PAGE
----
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An Expat Dilemma: Should I Stay Or Return Home?


Watching a plane fly away
"Should I stay or should I go now"

Perhaps you're asking yourself, is the overwhelm, loneliness and family impact worth the expat struggles?


Deciding what to do is a major decision that can impact your quality of life, even well after the decision has been made. It's a decision that requires deep reflection and support. This blog aims to support your contemplation by providing insights, questions and tools as you navigate this critical crossroads of your expat journey.



 


Studies emphasize the key to successful international assignments, is the expats ability to adapt to a new culture, and the ability to support the changing family dynamic:


The demands of work intensify while the cultural norms shift.
Infographic on Expatriation risk
Source: www.culturalawareness.com

What worked in your home country might not be applicable anymore. The fear of failure is genuine. The familiar support network you once had is absent, leaving you without a safety net for venting and seeking guidance. Did you know that 65% of expats report amplified work strain in their host country, and 51% feel overworked?




Family dynamics change and expectations from your partner become more pronounced.
Infographic on Expat reason for early return home
Source: www.culturalawareness.com

The partner often experiences isolation and a sense of detachment, having left their career behind. This shift can lead to reduced motivation and support. Both partners can harbor resentment. Leaving friends and family behind adds another layer of challenge, significantly affecting your well-being. In fact, two-thirds of expats cite family concerns as the primary reason for early returns.


When expats leave prematurely, it impacts not only the individual but also the community.
Infographic on Expatriation Risk. 1 in 5 expats leave early
Source: www.culturalawareness.com
  • For organizations, the investment in top leaders and professionals can go to waste due to underperformance or early repatriation. The teams need restructuring, roles need replacement. It's an unnecessary drain of energy.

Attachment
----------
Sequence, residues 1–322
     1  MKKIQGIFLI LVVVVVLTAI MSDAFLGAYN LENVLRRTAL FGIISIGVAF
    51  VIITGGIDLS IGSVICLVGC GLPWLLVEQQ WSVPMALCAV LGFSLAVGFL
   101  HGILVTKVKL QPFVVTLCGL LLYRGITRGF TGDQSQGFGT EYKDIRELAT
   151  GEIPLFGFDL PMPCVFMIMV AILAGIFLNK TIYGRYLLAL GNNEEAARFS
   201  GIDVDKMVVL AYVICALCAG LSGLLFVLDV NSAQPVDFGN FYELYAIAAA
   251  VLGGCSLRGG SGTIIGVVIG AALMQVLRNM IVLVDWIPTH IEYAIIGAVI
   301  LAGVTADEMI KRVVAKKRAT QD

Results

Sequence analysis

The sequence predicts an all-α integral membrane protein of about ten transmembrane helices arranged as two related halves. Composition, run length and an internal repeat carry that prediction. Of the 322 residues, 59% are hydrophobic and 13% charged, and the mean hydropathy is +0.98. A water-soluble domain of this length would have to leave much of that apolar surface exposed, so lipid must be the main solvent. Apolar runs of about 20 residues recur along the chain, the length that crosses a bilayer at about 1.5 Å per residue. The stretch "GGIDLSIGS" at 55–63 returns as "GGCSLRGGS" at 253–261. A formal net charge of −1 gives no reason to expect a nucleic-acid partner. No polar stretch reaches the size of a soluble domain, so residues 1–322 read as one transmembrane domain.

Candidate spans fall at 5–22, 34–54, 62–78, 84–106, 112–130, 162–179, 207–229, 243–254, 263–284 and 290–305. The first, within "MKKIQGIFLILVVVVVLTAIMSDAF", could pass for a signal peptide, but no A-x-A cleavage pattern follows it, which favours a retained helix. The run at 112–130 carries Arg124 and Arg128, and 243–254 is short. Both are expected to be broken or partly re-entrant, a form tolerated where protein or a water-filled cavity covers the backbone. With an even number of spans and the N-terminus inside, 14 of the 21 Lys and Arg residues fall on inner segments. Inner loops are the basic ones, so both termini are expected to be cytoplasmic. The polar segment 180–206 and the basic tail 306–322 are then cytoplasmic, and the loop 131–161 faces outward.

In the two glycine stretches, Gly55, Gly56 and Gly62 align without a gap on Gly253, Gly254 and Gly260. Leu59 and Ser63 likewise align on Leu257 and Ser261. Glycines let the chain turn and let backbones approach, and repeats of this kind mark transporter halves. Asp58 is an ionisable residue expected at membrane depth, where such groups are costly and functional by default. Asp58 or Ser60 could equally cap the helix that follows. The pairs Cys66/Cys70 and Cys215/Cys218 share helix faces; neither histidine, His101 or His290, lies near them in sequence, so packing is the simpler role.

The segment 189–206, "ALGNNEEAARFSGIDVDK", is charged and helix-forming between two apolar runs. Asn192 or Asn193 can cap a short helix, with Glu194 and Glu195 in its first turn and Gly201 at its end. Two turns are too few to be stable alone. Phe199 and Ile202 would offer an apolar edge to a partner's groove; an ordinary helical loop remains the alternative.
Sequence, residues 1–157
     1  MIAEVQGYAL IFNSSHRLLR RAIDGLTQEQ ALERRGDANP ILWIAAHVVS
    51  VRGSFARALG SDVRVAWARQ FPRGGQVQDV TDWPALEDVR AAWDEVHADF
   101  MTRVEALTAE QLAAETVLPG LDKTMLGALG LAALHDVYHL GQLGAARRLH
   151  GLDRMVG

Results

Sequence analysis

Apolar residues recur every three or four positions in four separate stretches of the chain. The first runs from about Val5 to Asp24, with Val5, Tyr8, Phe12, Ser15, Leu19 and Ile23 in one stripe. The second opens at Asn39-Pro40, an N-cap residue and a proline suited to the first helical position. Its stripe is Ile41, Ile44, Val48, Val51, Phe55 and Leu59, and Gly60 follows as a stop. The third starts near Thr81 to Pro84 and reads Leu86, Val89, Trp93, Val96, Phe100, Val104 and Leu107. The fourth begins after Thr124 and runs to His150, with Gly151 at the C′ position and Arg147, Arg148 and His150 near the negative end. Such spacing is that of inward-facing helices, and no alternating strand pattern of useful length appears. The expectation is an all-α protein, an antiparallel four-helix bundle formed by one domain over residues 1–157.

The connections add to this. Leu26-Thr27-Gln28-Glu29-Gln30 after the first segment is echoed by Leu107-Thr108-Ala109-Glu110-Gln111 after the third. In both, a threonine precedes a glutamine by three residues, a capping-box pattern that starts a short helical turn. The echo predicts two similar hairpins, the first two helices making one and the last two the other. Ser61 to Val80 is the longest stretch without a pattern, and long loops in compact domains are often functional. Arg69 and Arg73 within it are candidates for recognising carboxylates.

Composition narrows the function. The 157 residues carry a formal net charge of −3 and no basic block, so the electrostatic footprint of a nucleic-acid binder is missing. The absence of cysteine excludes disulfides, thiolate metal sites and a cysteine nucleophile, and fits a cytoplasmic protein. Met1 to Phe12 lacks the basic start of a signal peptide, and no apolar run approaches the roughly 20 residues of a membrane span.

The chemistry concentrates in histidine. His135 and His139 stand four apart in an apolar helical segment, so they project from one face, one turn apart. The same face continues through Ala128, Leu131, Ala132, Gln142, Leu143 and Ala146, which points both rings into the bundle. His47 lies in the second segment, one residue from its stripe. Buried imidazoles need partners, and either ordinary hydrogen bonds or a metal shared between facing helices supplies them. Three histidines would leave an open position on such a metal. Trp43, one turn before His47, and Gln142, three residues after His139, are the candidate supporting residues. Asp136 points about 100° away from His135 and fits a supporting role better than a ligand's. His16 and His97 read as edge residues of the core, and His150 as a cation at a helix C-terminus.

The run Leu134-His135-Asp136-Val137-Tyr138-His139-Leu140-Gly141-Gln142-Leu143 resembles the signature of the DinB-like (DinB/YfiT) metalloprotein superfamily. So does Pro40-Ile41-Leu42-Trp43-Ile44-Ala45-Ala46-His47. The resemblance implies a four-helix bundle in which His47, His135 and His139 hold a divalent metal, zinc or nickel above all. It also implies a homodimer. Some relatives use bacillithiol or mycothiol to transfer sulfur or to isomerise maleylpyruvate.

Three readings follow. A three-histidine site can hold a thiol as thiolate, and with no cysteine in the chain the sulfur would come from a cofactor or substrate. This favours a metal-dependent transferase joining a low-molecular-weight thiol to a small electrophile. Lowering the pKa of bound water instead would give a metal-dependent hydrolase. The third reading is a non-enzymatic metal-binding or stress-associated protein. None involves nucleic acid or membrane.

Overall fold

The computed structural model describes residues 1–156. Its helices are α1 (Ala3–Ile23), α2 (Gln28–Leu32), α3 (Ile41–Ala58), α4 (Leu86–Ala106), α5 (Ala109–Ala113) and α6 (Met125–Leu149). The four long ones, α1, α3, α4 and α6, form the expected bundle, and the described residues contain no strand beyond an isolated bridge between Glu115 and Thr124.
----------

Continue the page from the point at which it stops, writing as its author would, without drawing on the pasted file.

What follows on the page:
• In schools, high turnover disrupts classrooms and affects the overall environment. Cultural adaptability and future resilience take a hit when children experience frequent shifts.


These challenges are real and impactful. To help you take the next step on your expat journey, I offer three activities. But before diving into these, ponder the following questions:

  • Recall your initial aspirations and dreams when you embarked on this expat journey. Reflecting on your excitement during that time can offer clarity and perspective. Will you regret leaving prematurely, or have you truly given your all to make this move a success?

A telescope viewing landscape and sunset
Revisit your expat goals, aspirations and dreams
  • Consider what you'll be leaving behind - the progress in your work and family life, the networks you've built. Are these contacts worth maintaining?

  • Have you explored local culture and travel opportunities? Novel experiences enrich our lives. What will losing these experiences mean for you and your family?

  • Think about the impact on your family's well-being. Is their health and happiness at risk?

A family holding hands on the shoreline
Consider family impacts and novel experiences
  • Delve into the challenges of repatriation - the longer you stay away, the harder the transition back. Many repatriates talk about how life changed locally too and how conversations with friends and family are different to the more global conversations that they had become use to. What changes do you anticipate, and how can you prepare?